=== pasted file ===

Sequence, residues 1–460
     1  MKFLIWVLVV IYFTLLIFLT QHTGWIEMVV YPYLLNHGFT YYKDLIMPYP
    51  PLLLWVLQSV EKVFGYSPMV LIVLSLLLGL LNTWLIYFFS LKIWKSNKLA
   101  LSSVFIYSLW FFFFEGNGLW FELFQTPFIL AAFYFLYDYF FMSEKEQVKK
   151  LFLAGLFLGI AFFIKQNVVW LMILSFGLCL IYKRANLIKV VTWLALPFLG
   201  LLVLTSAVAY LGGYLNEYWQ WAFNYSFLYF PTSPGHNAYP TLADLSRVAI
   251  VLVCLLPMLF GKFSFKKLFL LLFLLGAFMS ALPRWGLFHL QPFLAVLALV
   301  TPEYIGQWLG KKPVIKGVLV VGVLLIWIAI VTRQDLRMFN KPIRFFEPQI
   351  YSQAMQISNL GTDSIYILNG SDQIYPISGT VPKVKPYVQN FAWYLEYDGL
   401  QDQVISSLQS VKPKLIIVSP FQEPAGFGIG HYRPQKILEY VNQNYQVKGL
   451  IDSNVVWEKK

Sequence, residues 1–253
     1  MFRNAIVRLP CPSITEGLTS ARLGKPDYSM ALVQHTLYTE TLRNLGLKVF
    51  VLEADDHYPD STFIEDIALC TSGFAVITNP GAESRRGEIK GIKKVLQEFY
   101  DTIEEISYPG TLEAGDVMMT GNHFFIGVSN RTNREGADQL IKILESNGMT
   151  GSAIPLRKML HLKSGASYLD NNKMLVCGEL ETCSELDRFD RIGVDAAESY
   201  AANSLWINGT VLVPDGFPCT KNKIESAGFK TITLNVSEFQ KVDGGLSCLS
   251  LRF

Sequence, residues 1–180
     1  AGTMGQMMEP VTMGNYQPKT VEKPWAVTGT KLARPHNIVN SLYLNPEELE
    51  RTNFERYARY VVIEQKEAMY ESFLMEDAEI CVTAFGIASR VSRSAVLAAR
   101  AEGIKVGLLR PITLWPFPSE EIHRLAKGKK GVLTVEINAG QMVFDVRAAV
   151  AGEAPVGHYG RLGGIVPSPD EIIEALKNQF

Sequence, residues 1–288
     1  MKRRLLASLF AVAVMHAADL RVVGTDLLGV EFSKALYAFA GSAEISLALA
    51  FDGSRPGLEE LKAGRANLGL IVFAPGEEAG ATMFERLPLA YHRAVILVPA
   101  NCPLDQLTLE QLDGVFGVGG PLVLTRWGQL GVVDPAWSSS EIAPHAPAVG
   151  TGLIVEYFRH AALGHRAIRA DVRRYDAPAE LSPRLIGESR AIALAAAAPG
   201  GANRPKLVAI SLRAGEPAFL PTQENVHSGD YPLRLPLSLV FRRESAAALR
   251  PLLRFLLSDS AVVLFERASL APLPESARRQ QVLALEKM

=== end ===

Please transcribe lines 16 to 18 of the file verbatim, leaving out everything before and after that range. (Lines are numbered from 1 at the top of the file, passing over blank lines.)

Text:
   151  GSAIPLRKML HLKSGASYLD NNKMLVCGEL ETCSELDRFD RIGVDAAESY
   201  AANSLWINGT VLVPDGFPCT KNKIESAGFK TITLNVSEFQ KVDGGLSCLS
   251  LRF